What I learned about flying in 2020

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The end of the year may be a magical time for personal reflection, but my latest trip down memory lane was caused by something much more prosaic: filling out my annual insurance renewal form. Besides a feeling of gratitude for the hours I logged this year—and a burning desire to reschedule some canceled trips in 2021—I came away with a few lessons learned. None of these are exactly revolutionary, but at least a few were surprising to me.

Friday photo: above the thermal layer

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Cruising along at 8500 feet in his Tecnam P2008, Mike Hackney captured this beautiful and slightly strange photo. As he says, “The optical illusion was of a lake covered by a sheet of ice, and the cloud tops emerging. This went on for an hour of flight time. Simply beautiful.”

A Christmas gift to myself

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It’s Christmas morning and I rise early, not to play Santa to my children, for they are long grown. Today I rise early to gift myself. I’m careful not to wake my wife, warm and snuggled under the covers. She has no interest in this thing that I go to do.

The day it snowed in Vietnam: a true story

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Carols played in the mess hall and the calendar read “December 24, 1969,” but it didn’t feel like Christmas Eve. We were tired from a long day of flying many missions picking up infantrymen and recon patrols from field locations, bringing them back to the big airfield at Phan Thiet for the Christmas cease-fire. Soldiers on both sides of this war were glad to allow the cease-fire to start one day early.

An engineering approach to the impossible turn

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The FAA’s official recommendation on losing power after takeoff is to proceed straight ahead and not to attempt to return to the runway or airport. That existing policy position by the FAA assumes there is an open area available for a successful touchdown. The second assumption is that pilot skill level is not sufficient to execute a 180-degree turn in order to return to landing without stalling and spinning in. Both positions are not much help.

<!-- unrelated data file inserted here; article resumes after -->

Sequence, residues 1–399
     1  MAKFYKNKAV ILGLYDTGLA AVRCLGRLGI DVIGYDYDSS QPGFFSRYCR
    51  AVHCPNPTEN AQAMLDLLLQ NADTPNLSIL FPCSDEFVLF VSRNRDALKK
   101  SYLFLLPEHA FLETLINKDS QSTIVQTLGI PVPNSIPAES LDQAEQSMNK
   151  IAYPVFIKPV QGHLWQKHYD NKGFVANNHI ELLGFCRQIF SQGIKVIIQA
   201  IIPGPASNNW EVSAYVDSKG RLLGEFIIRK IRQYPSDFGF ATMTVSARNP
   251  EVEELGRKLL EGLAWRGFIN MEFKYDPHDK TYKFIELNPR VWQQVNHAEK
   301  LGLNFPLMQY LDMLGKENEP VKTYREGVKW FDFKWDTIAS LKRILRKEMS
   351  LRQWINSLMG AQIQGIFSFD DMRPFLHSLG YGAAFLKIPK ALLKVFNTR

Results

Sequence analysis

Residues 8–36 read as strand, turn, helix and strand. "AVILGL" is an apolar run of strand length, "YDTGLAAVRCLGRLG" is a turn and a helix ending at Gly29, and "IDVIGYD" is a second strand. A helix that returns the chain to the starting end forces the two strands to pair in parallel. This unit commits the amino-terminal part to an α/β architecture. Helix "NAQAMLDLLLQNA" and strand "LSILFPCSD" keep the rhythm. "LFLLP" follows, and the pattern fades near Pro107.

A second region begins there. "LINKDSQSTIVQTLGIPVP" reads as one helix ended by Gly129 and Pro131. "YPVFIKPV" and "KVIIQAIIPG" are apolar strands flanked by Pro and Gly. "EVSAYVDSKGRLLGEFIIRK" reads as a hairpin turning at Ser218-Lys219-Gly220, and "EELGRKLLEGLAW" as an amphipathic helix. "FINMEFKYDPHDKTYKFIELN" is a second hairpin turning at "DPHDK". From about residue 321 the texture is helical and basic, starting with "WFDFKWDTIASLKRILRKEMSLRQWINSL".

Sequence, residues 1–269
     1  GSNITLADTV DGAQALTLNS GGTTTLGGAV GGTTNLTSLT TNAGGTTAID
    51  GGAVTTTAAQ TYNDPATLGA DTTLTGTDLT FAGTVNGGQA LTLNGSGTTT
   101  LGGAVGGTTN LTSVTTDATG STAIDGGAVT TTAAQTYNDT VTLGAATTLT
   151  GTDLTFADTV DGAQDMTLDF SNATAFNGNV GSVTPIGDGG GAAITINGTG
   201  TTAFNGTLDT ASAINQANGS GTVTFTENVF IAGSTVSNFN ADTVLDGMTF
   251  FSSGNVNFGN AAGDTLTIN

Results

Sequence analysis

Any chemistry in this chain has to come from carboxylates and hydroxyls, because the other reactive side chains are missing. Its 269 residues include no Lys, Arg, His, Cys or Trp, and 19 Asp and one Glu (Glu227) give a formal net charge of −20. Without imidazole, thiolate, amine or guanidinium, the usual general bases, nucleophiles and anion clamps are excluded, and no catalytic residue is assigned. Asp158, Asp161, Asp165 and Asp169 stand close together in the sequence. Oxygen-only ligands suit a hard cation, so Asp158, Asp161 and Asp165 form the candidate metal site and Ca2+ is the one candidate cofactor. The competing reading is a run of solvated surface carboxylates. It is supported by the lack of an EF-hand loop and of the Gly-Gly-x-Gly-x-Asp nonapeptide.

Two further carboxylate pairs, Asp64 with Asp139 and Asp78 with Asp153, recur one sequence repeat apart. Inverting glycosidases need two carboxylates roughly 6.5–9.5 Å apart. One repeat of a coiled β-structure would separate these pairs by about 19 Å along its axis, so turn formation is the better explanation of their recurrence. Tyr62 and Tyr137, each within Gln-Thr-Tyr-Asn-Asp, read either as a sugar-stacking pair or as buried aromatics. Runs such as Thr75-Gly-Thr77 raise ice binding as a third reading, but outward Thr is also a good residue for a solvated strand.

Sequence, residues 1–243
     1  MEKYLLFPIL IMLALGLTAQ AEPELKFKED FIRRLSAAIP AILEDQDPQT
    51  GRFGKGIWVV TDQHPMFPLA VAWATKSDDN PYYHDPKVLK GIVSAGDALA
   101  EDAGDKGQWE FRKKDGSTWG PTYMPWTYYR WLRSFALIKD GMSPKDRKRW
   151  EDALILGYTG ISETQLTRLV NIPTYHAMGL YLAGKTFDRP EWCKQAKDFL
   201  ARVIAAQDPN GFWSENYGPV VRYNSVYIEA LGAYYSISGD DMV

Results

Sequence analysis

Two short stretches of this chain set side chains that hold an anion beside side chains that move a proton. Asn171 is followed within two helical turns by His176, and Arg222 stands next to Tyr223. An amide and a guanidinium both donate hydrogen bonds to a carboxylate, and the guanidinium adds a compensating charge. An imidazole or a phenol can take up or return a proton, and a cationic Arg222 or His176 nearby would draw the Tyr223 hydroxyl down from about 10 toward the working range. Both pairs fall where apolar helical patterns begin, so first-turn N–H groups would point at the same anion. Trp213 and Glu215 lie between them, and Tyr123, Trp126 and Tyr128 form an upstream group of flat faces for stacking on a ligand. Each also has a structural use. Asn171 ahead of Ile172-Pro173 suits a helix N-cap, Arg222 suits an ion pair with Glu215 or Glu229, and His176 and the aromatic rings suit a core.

Journey to the End of the Earth

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Call it a post-midlife crisis. Call it my bucket list. Call it absurd. Call it expensive. OK, I plead guilty to all of the above. I decided to go anyway. I was determined to fly my 1977 Piper Arrow from my home field (KEQY) near Charlotte, North Carolina, to the northernmost airfield in North America—at PABR in Utqiagvik (formerly known as Barrow), Alaska.

Friday Photo: Dominican Republic from a TBM

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The view from the cockpit of a TBM 910 as it cruises along in the flight levels is usually pretty good, but sometimes it’s great. Omar Haedo captured one of these unique views as he flew home to Miami, with the sun reflecting off the Caribbean Sea and the cumulus clouds building over the Dominican Republic.

Pitch black landing in Vietnam

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I asked ALCC if they had any runway lighting. They stated that that field did not have any lighting. I told ALCC to stand by. I got out my list for the artillery units for that location, called the first unit and asked if they had any parachute flares. They responded that they did, and I asked them to pop one.

Bratburger-itis: a memorable trip

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All week long, the weather was looking good. When I called for my flight weather briefing Friday morning (note this is before the common use of internet weather), the briefer mentioned the potential for moderate turbulence and potential for gusty winds. The velocity of the winds he forecast was less than what I had comfortably handled before so I wasn’t concerned. And, after all, I had a whole two years of flying under my belt!